The cops had a nylon double spare mag pouches, but none of them were filled. The airport cops generally wore the empty mag pouches either behind the gun or in the small of the back. They had a handcuff case, but that’s the only gear they carried.
I didn’t see anyone carrying long guns. Like I said, it’s a pretty chill place. Costa Rica does not have a military and devotes the money it would normally spend on an army to education instead. The country has a stunning 98% literacy rate. Battling the sand flies on the beach was the most violent challenge we faced.
If you are interested, citizens and permanent residents in Costa Rica can get firearms ownership/carry permits. The process involves taking a class, completing a psychological evaluation, and a criminal background check. Carry permits require a short qualification course. According to the locals I spoke with, citizens are barred from owning “military weapons” or “weapons of war” but I’m uncertain how that rule is actually enforced.
Interestingly enough, handguns are more common than long guns in the country. That’s the opposite of many other Latin countries where citizens can own hunting firearms but not handguns. Hunting is illegal in Costa Rica. If you move down there, you won’t be able to justify your home defense pump shotgun or lever action rifle as a “hunting” gun like you can in other Latin American countries.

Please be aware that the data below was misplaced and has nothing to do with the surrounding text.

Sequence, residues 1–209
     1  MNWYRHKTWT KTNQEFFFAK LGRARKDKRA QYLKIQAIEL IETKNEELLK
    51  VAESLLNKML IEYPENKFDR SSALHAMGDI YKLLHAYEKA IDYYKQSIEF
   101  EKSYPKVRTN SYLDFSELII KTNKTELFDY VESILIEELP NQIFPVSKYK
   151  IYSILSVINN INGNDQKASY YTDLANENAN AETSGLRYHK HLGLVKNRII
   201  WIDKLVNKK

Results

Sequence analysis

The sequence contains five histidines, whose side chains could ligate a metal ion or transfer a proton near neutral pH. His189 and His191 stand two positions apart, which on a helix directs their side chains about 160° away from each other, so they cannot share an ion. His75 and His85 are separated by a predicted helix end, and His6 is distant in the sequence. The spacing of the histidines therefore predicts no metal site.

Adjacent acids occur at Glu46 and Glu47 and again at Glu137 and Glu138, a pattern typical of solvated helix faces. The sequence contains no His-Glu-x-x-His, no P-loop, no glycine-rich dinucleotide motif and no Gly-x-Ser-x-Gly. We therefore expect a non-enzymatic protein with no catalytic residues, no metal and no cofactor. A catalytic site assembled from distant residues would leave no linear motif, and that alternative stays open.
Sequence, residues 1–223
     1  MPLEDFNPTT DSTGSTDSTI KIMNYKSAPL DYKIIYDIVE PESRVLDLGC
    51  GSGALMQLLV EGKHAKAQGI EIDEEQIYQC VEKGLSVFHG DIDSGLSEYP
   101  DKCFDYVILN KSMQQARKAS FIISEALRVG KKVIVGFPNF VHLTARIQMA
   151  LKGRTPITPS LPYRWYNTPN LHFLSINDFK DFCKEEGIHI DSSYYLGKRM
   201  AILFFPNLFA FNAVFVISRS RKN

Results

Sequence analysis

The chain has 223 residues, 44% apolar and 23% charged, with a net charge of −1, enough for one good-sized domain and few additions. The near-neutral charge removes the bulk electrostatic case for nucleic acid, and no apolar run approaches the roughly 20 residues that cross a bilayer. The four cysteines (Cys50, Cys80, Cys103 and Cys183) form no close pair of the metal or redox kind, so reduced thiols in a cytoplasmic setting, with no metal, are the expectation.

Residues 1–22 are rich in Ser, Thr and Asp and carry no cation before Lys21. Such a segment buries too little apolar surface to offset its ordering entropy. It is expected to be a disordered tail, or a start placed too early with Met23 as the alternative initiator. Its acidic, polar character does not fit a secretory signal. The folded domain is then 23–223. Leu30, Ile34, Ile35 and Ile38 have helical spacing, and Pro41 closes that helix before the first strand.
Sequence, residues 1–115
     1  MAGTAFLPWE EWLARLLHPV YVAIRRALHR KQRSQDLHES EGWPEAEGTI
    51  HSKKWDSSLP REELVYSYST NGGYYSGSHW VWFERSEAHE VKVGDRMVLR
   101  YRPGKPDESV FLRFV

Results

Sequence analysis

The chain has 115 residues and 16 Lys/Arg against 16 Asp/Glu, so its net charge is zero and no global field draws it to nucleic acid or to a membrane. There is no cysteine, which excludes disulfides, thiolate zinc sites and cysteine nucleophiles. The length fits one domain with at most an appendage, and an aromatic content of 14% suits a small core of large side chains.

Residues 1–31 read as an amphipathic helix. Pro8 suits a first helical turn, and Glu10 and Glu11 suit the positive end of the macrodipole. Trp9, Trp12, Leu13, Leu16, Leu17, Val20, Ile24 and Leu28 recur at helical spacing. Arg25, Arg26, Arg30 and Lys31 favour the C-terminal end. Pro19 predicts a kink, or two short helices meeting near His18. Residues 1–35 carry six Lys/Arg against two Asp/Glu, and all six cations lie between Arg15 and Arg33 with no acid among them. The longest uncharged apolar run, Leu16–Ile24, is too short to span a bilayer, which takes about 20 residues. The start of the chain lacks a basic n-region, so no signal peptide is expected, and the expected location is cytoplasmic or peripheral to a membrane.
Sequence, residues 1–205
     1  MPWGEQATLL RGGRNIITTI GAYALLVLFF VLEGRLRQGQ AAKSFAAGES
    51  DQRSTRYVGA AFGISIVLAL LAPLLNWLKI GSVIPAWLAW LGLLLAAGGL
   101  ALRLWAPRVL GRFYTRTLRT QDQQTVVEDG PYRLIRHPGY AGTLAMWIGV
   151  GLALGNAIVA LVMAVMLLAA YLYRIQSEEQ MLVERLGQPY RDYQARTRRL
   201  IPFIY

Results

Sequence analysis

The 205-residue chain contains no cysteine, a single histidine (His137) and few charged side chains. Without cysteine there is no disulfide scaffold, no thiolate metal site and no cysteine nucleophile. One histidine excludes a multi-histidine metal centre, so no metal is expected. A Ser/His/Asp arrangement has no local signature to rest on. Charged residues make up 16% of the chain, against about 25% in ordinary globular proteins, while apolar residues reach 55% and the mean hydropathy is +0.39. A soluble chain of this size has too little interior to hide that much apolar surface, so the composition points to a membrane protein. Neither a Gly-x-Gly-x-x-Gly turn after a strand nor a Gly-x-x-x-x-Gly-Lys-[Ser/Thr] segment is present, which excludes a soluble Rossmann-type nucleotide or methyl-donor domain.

I found it amusing that when I was down there, my Facebook feed seemed to be filled with people posting their hotel “pocket dumps.” This is my hardcore carry selection for when I went into town.
When I’m home my pocket dump looks like a lot of other folks’. I carry a gun, spare mag, a couple knives, OC spray and a flashlight. The picture above is what I rolled with down in Costa Rica. There’s honestly not many problems I can’t solve with a blade, some OC spray, a flashlight and a bunch of cash.
Oh, and don’t forget a local beer. Not import (that implies you are too good for the locals), but the favorite local brew. Buying a few of those has gotten me out of way more trouble than my Glock ever has.
To be honest, my normal carry load out at home doesn’t teach me anything. I learn a lot more when I’m forced to interact in a strange and potentially dangerous environment relying on my charming personality and some cash instead of my gat.